AlSat Nano has been successfully operating in orbit for over 9 months. As it approaches its one year milestone we provide a status update and a summary of mission impact so far.
Launched on September 26 2016 the UK Space Agency funded nanosatellite, delivered in collaboration with the Algerian Space Agency, met its core mission objectives back in February and is on track to complete even more advanced objectives within its first year of operations.
- Stable, healthy spacecraft platform
- All subsystems functional – over 15,000 ground to space commands successfully sent
- Strong communications link – over 1000 files downloaded so far
- Low spin rate
- Longest uptime: 27.4 days
- On board Attitude Determination Control System verified and activated
- Regular datasets returned for Thin Film Solar Cell payload
- Multiple image capture and download for all three C3D2 payload cameras – 105 image files downloaded in total so far, including 16 full size images
- AstroTube Boom payload deployed and stowed multiple times, incl. full 1.5 metre length, captured with dedicated C3D2 camera
World Firsts and World Records
AlSat Nano has provided Oxford Space Systems with the first flight of its innovative flexible carbon fibre composite boom payload, the AstroTube Boom, which is believed to have set a world first as the longest ever retractable CubeSat boom in orbit at 1.5 metres. Oxford Space Systems also believe they have set the space industry’s fastest full cycle hardware development; material design to in orbit demonstration in under 30 months.
This has been enabled by AlSat Nano’s rapid development programme, just 18 months between spacecraft design and flight readiness. This has allowed industrial and academic mission partners to stay ahead of the curve in the increasingly competitive global nanosatellite market.
The Thin Film Solar Cell test payload, led by Swansea University, is the first solar cell deposited directly onto cover glass to be deployed in space and successfully return data. The ultra-thin (just 1/10th of a millimetre thick) cover glass, developed by industrial partners Qioptiq Ltd, allows for extremely high power to weight ratio which is crucial for saving costs in spaceflight. Flight data returned so far show extremely promising performance, and with proven materials heritage there are now clear routes to secure further funding and eventually commercialise the payload.
The flight opportunity is providing major benefits to those involved already. Below is a snap shot of some of the highlights captured so far by mission partners, which they view as directly attributable to their role in AlSat Nano:
Additional contracts and competitiveness
- Surrey Space Centre’s (University of Surrey) role as mission prime has led to successful bids in a range of technology development and international collaboration projects. Knowledge and experience from leading the mission has fed directly in to other ongoing projects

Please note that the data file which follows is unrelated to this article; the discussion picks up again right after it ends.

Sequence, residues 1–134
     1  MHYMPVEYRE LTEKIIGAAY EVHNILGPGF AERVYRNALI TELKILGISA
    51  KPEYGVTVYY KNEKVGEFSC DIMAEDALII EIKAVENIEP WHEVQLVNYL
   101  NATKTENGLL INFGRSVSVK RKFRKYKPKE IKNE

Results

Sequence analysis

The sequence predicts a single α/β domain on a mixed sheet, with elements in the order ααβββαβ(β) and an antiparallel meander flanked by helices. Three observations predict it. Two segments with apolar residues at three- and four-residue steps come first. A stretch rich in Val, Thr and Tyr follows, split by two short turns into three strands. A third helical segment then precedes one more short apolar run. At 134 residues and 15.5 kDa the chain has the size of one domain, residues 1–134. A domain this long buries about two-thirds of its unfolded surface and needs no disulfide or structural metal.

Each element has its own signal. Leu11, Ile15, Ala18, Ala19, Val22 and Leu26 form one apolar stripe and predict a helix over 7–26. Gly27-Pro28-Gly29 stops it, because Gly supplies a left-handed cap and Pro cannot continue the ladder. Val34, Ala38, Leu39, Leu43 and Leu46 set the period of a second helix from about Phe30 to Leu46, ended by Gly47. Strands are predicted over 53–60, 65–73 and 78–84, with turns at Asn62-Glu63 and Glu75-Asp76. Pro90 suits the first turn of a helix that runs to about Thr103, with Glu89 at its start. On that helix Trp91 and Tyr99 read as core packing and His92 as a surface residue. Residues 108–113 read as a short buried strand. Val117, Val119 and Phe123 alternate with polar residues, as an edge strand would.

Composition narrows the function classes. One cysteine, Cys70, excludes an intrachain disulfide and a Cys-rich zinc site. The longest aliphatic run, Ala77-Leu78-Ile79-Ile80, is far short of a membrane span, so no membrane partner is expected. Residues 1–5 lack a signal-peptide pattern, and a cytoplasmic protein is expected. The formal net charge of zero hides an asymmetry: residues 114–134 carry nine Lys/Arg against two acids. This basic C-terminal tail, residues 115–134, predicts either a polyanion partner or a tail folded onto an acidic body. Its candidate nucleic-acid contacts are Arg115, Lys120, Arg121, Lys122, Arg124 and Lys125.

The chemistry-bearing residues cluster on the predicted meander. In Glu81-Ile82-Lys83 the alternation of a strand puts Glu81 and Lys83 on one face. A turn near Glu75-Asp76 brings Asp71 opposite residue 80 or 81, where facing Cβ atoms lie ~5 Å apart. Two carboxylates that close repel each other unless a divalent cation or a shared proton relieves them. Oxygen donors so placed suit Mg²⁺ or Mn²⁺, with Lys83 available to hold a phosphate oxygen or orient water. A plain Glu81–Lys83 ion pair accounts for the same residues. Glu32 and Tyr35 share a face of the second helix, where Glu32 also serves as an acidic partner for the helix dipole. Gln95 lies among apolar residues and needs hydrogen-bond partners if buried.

- Oxford Space Systems negotiating approx. £5.6 million export contracts across US, Europe and Israel, plus further enquiries from NASA and Asia, for derivatives of its AstroTube Boom payload and antenna systems based on its proprietary flexible composites
- Open University’s industrial partners XCAM Ltd are bidding/negotiating contracts worth approx. £1.1 million following on from its payload role, and Teledyne e2v Ltd, which provided the sensor hardware, are using C3D2 heritage as inputs in to bids worth £2 million+
- Surrey Space Centre industrial partner SSTL secured €12 million contract with Algerian Space Agency
Increased Knowledge and Experience
AlSat Nano was delivered to Algerian Space Agency as its first nanosatellite mission. The programme has seen direct involvement from Algerian staff and students throughout its development:
- The UK Space Agency sponsored five Algerian post graduate students to study at Surrey Space Centre and gain invaluable experience by taking on roles to help develop the AlSat Nano platform
- Surrey Space Centre also provided training and consultation to Algerian Space Agency engineers and spacecraft operators, to help build its new ground station facility in Oran, which is being used to operate AlSat Nano
- The flight data returned from the satellite is feeding directly into the Algerian students’ academic courses. These contain specific modules to study how small satellite technology can be applied to address real world problems. The qualifications and real life mission experience will build long term technological capability in the country’s developing space sector